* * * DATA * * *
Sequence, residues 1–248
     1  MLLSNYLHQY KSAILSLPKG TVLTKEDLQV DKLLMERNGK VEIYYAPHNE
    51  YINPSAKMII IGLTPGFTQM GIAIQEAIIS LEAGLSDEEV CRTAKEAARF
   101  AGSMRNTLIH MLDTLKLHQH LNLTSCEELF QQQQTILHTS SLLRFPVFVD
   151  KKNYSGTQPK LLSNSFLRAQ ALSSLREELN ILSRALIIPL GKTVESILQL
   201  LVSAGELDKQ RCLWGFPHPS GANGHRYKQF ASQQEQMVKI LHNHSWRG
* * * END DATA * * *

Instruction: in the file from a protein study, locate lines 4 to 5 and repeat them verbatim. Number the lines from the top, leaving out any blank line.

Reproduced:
   101  AGSMRNTLIH MLDTLKLHQH LNLTSCEELF QQQQTILHTS SLLRFPVFVD
   151  KKNYSGTQPK LLSNSFLRAQ ALSSLREELN ILSRALIIPL GKTVESILQL